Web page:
Why Concrete Septic Tanks Are A Great Choice Over Plastic


If you have just moved to a new home or have lived on your property for a long time, you may need to install a new septic system. Granted, many homeowners don't like having to store, treat, and dispose of liquid waste; however, having a functional septic tank is crucial to ensuring that your home's septic system works as it should, which partly depends on the material of your septic tank. Many homeowners tend to prefer concrete over other materials, such as plastic, and this guide explores three reasons why this is the case. 

Concrete Tanks Are Compliant With Most Building Regulations

In many states, the local authorities require property owners to design their septic tanks using concrete. This is because the material doesn't pose an environmental threat. However, there are instances where you may be required to use plastic tanks, e.g. if your installation area is close to groundwater. These instances are exceptions because you would likely contaminate the groundwater if you used concrete. Given that concrete tanks comply with most building regulations, seeking permits for their installation is often more advisable.

They're Durable Even Against Different Weather Conditions

Concrete septic tanks are heavy, which may seem like a disadvantage at first glance. However, this quality makes them sturdy and safeguards against failure down the road. On the flip side, light plastic septic tanks may be pushed by the soil when it freezes in winter. Your pipes will likely break and cause water to back up in your home if this happens. Fortunately, since concrete tanks are heavy, they're resistant to such forces. Moreover, you don't need to anchor them as you would with plastics, making their installation more straightforward.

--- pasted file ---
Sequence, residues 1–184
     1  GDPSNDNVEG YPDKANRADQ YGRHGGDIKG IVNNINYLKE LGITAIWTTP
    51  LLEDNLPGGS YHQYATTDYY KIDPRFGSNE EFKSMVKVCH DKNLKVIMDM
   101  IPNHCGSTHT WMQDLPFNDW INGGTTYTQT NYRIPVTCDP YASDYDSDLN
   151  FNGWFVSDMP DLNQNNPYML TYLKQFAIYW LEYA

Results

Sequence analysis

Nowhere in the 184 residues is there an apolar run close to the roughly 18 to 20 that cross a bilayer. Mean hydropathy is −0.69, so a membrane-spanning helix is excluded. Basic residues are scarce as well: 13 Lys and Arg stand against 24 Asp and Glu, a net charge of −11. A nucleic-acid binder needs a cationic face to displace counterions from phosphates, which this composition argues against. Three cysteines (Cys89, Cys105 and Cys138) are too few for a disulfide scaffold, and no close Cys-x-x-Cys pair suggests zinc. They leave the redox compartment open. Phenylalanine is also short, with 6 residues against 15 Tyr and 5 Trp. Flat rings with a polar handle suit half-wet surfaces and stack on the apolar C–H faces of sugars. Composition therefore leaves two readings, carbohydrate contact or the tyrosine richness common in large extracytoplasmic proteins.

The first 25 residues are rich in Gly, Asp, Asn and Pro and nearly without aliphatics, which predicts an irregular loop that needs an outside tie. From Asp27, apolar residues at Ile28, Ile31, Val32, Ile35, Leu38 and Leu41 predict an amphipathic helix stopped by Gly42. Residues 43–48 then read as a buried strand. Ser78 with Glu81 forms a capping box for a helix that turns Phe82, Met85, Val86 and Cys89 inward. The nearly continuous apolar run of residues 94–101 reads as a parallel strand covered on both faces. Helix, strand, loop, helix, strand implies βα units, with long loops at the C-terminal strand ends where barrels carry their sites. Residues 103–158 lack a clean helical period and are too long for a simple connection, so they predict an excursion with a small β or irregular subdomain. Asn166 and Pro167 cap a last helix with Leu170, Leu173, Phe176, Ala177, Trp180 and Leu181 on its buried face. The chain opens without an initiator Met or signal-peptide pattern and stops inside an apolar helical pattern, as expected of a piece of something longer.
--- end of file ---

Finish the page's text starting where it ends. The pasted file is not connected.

You Don't Have to Worry About Pumping Problems

Regardless of the septic tank material you're using, you'll need to pump it out at some point. The downside of using the plastic concrete tank is that they're prone to collapse when pumped out. Once this happens, you may have to replace the tank. However, concrete tanks are strong and less likely to collapse even after being pumped several times.

When it comes to septic tank installation, one of the crucial things you should never overlook is the material used in the construction. There are plenty of septic tanks available, but most people consider the plastic and concrete options. If you're torn between selecting one of these materials, this guide should help ease your decision-making.

Contact a local septic service, such as Autry's Backhoe & Septic Service, for more information. 


13 June 2022

Fast Facts and Deep Insights: Septic Edition

As you read the articles on this website, you will notice two things. First, they are all about septic services in some ways. Second, some go deep — and others are full of more surface-level facts. This is kind of like your septic system itself! The tank is buried deep, but the drain field is more superficial. You don't have to be an expert on septic systems, but as someone who owns one, you should at least know how to tell when something is wrong with yours so you can call for service. You'll get that level of understanding from this blog — and probably more!